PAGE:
This is topic PICC or Port HELP! in forum Medical Questions at LymeNet Flash.

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Posted by Deb133 (Member # 18544) on :
Saw the surgeon today for my daughter and he prefers the Medi-Port to the PIC line. He went over the pros and cons and we are leaning towards Port. Any opinions?

Thank you,

Deb G
Posted by SuZ-Q (Member # 5903) on :
My daughter had a PICC and a port. The port was far superior. The PICC became infected and had to be removed. It was also a constant bother and made bathing more difficult.

A port can remain in place for up to 5 years. Wish we had not had my daughter's removed.
Best of luck to you!
Posted by darla135 (Member # 15688) on :
Do the port!!! Definitely!! I had a picc line that only lasted for 4 weeks despite our best efforts to care for it. In my case, I think the inflammation from the lyme resulted in poor acceptance of the picc line.

I am now on week 4 of the port and thoroughly pleased with my experience so far. It is worth the extra invasion of the body to get it in.

Pray all goes well for your daughter.
Posted by darla135 (Member # 15688) on :
Also, I don't know if your daughter will be taking Rocephin, but if so, just a little advice.

I began having extreme diarrhea with the Rocephin and my doctor was concerned about my developing C-Difficil. Nothing would resolve the problem, even with taking a lot of probiotics.

Finally, I discovered that adding the probiotic strain Sacchromyces Boullardi did the trick. It is helpful in both treating and preventing C-Diff. I take my regular probiotics and then 1-2 capsules of the Sacc. WITH the infusions. The problems literally disappeared overnight after 3 weeks of GI tumult.

Hope this is perhaps helpful.
Posted by Blackstone (Member # 9453) on :
I had a PICC several years ago. Same story as others - eventual infection. PICCs aren't really meant for what many of us are doing - long term use. Even under the best of circumstances, diligent dressing changes and whatnot, you still have two openings for infection. Ports are a "bigger deal" to get inserted, often requiring IV sedation or anesthetic because of the location, but after that, they're less of a bother. Just make sure your infusion people know that you're getting a port - it requires a special needle that has the hole on the side. All infusion people should have these on hand.

In a week or two I'll likely be getting a PassPort, which is a total subdermal port, but positioned in the arm like a PICC, instead of near the clavicle. It can be inserted under local, I'm told.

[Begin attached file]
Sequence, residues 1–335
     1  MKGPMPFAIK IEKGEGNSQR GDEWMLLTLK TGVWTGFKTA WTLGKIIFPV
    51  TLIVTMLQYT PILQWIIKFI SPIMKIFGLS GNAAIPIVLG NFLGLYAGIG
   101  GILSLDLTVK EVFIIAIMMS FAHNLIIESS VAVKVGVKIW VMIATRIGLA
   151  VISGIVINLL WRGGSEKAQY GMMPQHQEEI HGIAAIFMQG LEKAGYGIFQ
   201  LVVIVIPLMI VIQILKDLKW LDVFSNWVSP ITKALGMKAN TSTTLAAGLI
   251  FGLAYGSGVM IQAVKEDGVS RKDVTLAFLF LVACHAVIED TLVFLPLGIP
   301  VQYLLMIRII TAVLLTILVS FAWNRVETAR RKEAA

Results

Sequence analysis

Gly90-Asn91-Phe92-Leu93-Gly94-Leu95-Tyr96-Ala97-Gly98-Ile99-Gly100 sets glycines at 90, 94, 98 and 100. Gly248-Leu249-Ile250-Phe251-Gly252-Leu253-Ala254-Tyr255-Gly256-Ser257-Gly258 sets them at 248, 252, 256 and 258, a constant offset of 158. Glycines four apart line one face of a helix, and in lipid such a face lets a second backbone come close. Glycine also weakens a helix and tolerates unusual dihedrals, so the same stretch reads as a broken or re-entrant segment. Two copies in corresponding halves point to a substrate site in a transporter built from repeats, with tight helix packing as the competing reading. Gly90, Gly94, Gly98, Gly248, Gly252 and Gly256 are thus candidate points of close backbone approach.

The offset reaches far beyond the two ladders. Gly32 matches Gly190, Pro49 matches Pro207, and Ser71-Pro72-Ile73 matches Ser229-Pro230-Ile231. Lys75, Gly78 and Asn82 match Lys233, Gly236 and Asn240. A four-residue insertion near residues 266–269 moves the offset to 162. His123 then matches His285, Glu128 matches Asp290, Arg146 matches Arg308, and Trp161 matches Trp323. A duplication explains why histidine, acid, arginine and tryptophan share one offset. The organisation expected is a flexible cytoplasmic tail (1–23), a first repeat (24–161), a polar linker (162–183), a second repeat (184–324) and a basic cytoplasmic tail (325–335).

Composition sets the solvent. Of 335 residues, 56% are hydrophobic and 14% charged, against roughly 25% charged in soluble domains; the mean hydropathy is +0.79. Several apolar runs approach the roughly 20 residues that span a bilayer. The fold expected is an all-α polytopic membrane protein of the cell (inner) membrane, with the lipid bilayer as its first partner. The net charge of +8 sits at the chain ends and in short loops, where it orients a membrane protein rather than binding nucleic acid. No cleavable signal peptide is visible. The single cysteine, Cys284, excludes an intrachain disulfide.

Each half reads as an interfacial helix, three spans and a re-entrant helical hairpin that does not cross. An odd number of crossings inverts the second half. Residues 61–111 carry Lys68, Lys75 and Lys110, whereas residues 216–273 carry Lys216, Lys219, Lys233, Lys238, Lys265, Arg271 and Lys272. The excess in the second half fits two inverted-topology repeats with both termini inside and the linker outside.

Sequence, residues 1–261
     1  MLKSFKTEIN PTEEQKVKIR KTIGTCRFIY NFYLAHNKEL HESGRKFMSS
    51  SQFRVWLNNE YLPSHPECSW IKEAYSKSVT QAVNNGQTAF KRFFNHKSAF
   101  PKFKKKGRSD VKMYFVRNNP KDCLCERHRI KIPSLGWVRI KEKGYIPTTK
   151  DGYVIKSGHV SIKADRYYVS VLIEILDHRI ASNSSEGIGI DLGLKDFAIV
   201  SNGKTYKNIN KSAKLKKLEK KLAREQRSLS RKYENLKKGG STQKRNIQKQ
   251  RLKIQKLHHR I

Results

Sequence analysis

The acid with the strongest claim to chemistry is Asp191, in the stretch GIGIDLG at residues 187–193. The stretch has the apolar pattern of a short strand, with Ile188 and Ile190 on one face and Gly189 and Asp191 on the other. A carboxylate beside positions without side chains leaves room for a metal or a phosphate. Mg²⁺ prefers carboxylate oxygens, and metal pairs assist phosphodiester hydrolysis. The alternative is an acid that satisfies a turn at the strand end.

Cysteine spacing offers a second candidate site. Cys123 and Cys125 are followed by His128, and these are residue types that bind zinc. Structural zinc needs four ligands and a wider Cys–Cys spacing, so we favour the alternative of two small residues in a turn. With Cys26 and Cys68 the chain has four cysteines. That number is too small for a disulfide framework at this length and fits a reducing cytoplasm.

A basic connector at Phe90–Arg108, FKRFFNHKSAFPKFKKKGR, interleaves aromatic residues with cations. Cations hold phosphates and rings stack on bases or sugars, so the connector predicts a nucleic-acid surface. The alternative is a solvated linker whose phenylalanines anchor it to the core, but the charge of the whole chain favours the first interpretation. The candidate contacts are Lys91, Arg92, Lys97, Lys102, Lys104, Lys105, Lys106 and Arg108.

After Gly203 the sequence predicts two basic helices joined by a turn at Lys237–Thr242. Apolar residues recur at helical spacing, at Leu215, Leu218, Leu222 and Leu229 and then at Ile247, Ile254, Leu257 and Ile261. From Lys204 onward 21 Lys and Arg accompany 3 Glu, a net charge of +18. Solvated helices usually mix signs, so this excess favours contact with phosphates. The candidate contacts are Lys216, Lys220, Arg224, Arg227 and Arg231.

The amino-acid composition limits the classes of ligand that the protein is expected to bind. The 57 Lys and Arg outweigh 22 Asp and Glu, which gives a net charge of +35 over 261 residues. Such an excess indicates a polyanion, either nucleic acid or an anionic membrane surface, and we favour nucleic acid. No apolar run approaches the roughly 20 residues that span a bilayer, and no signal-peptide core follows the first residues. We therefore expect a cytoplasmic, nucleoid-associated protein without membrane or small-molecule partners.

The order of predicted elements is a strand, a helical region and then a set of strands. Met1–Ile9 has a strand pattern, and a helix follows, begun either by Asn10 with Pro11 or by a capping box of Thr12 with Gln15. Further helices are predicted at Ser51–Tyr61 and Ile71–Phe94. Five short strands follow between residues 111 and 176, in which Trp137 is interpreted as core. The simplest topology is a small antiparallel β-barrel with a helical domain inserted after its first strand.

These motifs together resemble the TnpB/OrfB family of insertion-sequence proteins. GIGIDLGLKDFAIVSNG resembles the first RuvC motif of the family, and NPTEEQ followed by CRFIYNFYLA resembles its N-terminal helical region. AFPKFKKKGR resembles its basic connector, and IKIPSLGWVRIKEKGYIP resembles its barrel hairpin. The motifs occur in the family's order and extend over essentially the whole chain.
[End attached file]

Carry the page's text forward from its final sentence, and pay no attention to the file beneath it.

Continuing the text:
It pays to have an oncologist buddy!
Posted by minoucat (Member # 5175) on :
Hubby HATED his subdermal port -- it was bulky, and because it had to be used daily the transdermal part was more of a pain than a help (it was developed for people who only had to access it biweekly or less frequently, not for people who had to infuse every day).

After 4 months he ended up with a life-threatening clot around the port -- could have been a reaction to the port, or a problem with that particular brand of rocephin.

No problems with the PICC, except that they all eventually fail and have to be replaced -- but I wouldn't do a PICC on a child long term; his works because he's so careful and so aware of it.

He had a mid-line groshong for a while -- that worked extremely well.

Best of luck.
Posted by Blackstone (Member # 9453) on :
For those that PMed me about the PASport, I'm working on finding a comprehensive information source. I'll post a link when I have one.
Posted by Deb133 (Member # 18544) on :
Thank you to everyone for all the advice. Now we have to make an educated decision on what will work best for our situation.

Good luck to everyone and thanks again.

Deb G
Posted by bettyg (Member # 6147) on :

our member, cathy aka TDTID, to dream the impossible dream, has a port and a caring bridge site where she has details galore on this adventure ... the good and bad what she has experienced with no punches.

to read it, go here, and she has posted it also.

best wishes to you... [group hug]

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